Airguns and FT have allowed him to travel the world, meet the love of his life, and more.
We hope you enjoy this episode of the Field Target Podcast.
Airgunners of Arizona will celebrate its 25th anniversary in 2017.
With over 30 members, this AAFTA member club has a match each month and the club web site is the source of information about about the club, the history, and upcoming events.
In this episode Scott Allen interviews Mark Kauffman.
I like technology. I tend to be an early adopter. Sometimes that’s good and sometimes not so good.
Some months ago, when Rowan Engineering released its digital side wheel, I contacted Dave Rose, the owner. At the time he was not ready to ship any to the US, wanting to continue to make certain that the side wheel is reliable.
I kept checking the Rowan site and with Dave and, eventually, he let me order one. It was and may still be the only one in the US. The Rowan web site, as of 9/22/16, says: “DSW is presently only available to UK customers. Will we be accepting overseas orders shortly.”
In any event, he accepted my order a few months ago but I had to wait a bit for the order to ship so he could make mounting brackets for my 34mm scope tube and they were also working out an issue with a bad batch of microchips.
This is a review after a couple of months of ownership. By no means is this the end of the review, as I will be using it and waiting with interest for future software upgrades.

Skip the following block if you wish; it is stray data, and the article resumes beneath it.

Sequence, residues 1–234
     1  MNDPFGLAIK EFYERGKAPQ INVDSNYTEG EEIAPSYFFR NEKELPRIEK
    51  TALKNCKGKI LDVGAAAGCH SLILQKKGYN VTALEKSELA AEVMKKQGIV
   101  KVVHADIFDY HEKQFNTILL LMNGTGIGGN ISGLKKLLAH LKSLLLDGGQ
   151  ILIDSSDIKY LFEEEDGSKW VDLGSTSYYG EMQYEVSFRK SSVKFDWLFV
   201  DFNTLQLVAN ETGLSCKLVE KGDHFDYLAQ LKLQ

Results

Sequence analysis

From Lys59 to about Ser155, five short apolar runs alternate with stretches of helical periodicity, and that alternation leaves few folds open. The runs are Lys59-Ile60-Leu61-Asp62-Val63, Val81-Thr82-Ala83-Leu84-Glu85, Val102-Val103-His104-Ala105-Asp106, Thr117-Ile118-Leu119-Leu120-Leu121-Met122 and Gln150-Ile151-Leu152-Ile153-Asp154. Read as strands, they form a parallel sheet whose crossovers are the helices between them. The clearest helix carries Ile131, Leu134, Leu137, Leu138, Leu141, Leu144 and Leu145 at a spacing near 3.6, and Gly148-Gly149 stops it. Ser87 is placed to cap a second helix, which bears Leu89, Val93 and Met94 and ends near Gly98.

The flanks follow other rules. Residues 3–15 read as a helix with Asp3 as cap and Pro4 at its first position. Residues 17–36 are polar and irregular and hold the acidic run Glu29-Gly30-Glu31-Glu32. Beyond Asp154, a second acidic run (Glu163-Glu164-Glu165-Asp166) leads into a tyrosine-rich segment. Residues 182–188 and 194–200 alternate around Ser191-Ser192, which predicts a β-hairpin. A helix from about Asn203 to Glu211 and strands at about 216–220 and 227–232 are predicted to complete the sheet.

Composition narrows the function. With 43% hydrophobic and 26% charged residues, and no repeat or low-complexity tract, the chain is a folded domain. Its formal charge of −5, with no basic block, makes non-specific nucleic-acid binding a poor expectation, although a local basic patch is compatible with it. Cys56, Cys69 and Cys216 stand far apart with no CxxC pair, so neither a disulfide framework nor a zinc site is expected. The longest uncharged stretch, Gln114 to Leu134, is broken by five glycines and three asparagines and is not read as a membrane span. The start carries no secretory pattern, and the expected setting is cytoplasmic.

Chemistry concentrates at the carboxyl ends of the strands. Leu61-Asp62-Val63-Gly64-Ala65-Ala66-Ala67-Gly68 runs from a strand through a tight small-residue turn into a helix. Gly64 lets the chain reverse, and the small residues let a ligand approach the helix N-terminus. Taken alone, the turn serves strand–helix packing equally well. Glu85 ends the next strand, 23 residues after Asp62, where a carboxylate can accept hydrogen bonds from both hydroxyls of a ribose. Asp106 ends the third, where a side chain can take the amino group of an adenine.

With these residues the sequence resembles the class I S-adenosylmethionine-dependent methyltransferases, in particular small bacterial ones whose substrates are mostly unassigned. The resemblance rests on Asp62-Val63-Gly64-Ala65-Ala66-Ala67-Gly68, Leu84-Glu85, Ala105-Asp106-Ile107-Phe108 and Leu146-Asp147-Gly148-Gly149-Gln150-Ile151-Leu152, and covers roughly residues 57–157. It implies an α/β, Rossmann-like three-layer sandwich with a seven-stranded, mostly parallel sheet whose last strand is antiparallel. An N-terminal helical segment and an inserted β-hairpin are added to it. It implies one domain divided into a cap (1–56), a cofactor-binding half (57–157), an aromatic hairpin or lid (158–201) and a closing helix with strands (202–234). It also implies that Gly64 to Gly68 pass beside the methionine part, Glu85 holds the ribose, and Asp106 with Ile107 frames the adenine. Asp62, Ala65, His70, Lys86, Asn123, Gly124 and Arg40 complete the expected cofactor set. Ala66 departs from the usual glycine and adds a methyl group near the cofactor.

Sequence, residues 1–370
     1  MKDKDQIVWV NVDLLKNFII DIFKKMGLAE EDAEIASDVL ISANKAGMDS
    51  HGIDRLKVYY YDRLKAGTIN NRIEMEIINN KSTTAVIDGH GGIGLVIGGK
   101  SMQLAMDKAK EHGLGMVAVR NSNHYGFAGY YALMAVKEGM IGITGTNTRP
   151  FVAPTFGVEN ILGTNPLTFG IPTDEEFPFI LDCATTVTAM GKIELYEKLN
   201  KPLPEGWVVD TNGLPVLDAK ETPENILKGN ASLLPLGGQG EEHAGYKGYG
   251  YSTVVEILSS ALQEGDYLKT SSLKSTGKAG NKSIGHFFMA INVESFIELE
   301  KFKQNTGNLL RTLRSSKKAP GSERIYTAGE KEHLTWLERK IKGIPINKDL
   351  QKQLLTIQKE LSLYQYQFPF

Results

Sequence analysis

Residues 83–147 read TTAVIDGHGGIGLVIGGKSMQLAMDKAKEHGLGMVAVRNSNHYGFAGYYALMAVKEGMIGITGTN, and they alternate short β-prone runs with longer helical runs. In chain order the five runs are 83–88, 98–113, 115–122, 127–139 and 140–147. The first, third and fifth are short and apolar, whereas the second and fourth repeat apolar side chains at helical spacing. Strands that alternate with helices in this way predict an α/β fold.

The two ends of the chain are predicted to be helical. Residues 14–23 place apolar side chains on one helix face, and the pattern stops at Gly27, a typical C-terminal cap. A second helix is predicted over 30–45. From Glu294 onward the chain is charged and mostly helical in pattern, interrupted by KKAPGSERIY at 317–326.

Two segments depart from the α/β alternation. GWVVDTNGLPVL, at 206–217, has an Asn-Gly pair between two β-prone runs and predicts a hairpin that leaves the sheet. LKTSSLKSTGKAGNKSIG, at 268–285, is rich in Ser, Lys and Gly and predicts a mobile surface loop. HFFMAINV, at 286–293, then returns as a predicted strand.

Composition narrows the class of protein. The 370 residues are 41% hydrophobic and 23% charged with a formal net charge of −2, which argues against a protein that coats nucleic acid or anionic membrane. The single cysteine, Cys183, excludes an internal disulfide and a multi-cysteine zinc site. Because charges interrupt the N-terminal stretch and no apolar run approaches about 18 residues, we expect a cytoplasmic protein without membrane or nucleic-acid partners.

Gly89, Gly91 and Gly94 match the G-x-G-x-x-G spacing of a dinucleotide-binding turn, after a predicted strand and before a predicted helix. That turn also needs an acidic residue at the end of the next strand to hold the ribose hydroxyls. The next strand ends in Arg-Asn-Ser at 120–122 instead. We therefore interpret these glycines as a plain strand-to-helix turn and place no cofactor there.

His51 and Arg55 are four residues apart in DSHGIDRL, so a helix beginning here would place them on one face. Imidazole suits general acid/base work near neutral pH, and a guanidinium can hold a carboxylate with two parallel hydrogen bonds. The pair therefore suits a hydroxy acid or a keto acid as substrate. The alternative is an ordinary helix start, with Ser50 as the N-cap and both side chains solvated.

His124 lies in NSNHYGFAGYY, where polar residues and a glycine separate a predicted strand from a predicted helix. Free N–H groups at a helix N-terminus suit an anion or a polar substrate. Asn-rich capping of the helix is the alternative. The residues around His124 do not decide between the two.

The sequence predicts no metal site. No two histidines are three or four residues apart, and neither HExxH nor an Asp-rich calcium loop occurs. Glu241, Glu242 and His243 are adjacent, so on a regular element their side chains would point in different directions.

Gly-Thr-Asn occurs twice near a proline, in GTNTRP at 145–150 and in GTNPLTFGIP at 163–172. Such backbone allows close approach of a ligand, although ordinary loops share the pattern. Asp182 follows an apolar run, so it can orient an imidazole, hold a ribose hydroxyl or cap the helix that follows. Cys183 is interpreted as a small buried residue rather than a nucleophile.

After having a chance to work with this device some I made a requst to the Board of Governors to ensure it is legal. The concern I received back is that it had a wind indicator on it. As discussed in the audio, it has no way to measure wind or wind direction, all you can do is tell it from which way you believe the wind is blowing. The feature can be turned off in the parameters. I discussed the issue with Dave Rose and he made a software update that removes the compass functionality entirely and requires that you put a country code in so that it must boot in a certain way and you get this from v1.06 of the software.
So the visual boot up process should make it very easy for anyone to confirm the device is within the rules The fact that this device is run by software that the manufacturer is willing to update to ensure rules compliance will hopefully be reassuring to AAFTA as it considers this device and devices like it in the future
I need to get this out of the way: this is in no way a sponsored review. I paid full price for this piece of kit (as the English say). Rowan is not paying me. (Which I might say is very unfortunate…. it would be great to defray the costs of doing the podcasts, but that’s okay, the lack of money from sponsors takes away concerns over biased reviews.)
Dave did throw in cool baseball cap (maybe they are called cricket caps in the UK?) with “Rowan Engineering” on it in white letters. I figure that was meant to take some of the sting out of the delay. Uber nice hat but it’s way too small for me, but the thought was most generous. Maybe Chris Berry can use it.
Listen to the audio for details on installation, setup and use, and my impressions.
I hope you enjoy the audio review.